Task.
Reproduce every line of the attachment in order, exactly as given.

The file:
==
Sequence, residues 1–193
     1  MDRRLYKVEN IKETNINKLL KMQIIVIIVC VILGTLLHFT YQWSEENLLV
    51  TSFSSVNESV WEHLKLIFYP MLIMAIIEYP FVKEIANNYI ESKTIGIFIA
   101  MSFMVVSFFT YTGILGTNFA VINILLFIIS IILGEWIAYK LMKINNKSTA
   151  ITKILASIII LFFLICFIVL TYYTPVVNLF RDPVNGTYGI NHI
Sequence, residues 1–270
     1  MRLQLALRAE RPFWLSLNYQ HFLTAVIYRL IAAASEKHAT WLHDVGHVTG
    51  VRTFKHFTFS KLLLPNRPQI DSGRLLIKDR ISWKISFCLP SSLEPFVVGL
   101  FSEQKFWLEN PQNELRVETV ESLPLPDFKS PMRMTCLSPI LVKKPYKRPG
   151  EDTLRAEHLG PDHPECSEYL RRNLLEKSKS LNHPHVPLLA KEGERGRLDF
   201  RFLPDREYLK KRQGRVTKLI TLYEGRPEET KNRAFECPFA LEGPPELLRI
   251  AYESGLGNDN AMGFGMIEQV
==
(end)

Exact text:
Sequence, residues 1–193
     1  MDRRLYKVEN IKETNINKLL KMQIIVIIVC VILGTLLHFT YQWSEENLLV
    51  TSFSSVNESV WEHLKLIFYP MLIMAIIEYP FVKEIANNYI ESKTIGIFIA
   101  MSFMVVSFFT YTGILGTNFA VINILLFIIS IILGEWIAYK LMKINNKSTA
   151  ITKILASIII LFFLICFIVL TYYTPVVNLF RDPVNGTYGI NHI
Sequence, residues 1–270
     1  MRLQLALRAE RPFWLSLNYQ HFLTAVIYRL IAAASEKHAT WLHDVGHVTG
    51  VRTFKHFTFS KLLLPNRPQI DSGRLLIKDR ISWKISFCLP SSLEPFVVGL
   101  FSEQKFWLEN PQNELRVETV ESLPLPDFKS PMRMTCLSPI LVKKPYKRPG
   151  EDTLRAEHLG PDHPECSEYL RRNLLEKSKS LNHPHVPLLA KEGERGRLDF
   201  RFLPDREYLK KRQGRVTKLI TLYEGRPEET KNRAFECPFA LEGPPELLRI
   251  AYESGLGNDN AMGFGMIEQV